If you plan on using water the best way to use these markers is on water color paper, 140 pound is preferred (you will find your ink blends much better on 140 lb versus 90 or 120 lb). You can also use your dye based marker to create a paint pallet, simply scribble some color on a nonporous surface (craft mat or cd cover, etc.) and than pick up the color with a paint brush and add directly to your image.
There are many different manufacturers of dye based markers, my favorites are Tombow and Memento. Tim Holtz has the new Distress Ink Markers (I have two and haven't used them yet).
Here are two good videos on coloring directly on paper with dye based markers:
You can also watch videos by Stamps by Judith to see how to color your images without having to use water.
Water color/ink pencils: Another great way to color your images. You can buy water color crayons, pencils and another product called "Inktense" (this is a ink based rather than water color product). I use both and love the Inkense. When using the Inktense you need to remember that when the color dries you will not be able to re-wet and move the color around as the pencils are ink and when they dry the color is permanent.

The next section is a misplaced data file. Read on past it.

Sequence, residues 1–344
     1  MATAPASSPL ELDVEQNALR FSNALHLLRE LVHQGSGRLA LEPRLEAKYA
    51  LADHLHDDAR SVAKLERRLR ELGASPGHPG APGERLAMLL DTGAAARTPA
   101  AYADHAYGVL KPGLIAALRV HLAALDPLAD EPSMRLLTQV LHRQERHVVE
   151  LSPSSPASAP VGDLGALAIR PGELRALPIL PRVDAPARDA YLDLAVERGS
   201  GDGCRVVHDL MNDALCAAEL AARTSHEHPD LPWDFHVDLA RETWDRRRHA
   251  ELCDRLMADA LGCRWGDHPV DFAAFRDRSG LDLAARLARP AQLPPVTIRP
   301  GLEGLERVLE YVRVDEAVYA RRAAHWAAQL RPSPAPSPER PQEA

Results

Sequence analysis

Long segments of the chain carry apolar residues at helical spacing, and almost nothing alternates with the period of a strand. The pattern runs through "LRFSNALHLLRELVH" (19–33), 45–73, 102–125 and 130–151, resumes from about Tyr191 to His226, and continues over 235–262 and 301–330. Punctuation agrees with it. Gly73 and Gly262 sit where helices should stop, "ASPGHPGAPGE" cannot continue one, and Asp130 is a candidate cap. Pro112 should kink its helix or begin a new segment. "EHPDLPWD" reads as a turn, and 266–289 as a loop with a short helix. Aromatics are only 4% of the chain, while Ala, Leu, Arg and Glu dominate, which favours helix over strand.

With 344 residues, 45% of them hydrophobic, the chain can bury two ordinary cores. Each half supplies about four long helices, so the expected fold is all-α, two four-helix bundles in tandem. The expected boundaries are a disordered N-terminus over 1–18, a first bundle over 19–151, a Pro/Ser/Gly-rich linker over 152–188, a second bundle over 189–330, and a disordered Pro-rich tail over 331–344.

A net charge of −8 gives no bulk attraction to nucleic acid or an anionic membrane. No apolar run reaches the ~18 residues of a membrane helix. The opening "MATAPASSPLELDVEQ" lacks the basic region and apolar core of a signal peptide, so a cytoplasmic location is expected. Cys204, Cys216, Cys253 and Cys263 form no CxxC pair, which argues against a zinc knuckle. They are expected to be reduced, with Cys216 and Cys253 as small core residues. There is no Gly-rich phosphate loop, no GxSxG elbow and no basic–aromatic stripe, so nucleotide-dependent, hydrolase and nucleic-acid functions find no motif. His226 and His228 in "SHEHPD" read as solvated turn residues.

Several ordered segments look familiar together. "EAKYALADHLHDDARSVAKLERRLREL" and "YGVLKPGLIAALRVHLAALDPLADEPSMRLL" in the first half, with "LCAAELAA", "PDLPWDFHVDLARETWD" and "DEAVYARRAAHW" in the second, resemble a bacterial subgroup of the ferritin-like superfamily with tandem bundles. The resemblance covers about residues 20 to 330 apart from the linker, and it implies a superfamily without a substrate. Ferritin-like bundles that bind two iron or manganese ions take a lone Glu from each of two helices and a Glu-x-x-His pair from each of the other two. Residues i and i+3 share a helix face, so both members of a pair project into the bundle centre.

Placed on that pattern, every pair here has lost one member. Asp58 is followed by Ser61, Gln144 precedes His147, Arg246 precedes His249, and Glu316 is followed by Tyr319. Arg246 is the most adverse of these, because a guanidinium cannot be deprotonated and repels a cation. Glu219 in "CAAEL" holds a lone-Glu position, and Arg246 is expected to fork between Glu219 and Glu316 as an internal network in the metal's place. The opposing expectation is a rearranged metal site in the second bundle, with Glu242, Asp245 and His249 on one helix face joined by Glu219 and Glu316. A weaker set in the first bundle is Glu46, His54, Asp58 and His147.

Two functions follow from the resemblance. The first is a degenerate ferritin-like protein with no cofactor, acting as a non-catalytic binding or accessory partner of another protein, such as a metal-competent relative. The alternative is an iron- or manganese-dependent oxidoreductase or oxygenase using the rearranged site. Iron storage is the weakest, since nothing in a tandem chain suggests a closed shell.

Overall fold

You can use water color pencils to color directly onto your image, or you can use a wet brush or blender pen to pick up the paint from the pencil and than lay the color down on your project. Either way you will get some wonderful results. Again, make sure that you use at least 140 lb paper for the best results.
Here is a nice tutorial on using water color pencils.
Dye based ink pads: Yes, you can also use these to color your images. All you need to do is get some of the ink onto a nonporous surface and than pick up the color with a water brush or blender pen and color like you would using any water color medium.
Chalk: Again, another versatile way to color your images (and also use on solid images). You can color your image directly, you can stamp a solid image in versamark and apply chalk over the image, you can stamp on dark paper and color with the chalks, you can use a blender solution to help the chalk blend or you can do a "double" chalk method by coloring your paper with chalk, stamping an image with versamark, and then applying more chalk!
Chalking is also a great way to color images you emboss with brass stencils. After you have embossed (or you can just use the brass stencil to color without embossing), keep the brass stencil in place and color using your chalk. You will get some wonderful results! Here is a link to chalking techniques from SplitCoastStampers .
And here is a nice video on coloring directly to an image using chalks:
Whew! And as I said before, this is not a complete list of ways you can color your images (we didn't even go over using gel pens, crayons, glitter, you get the idea). Hopefully you will try something new, or pull out some supplies you haven't used in a while to color your images.
Have a great weekend!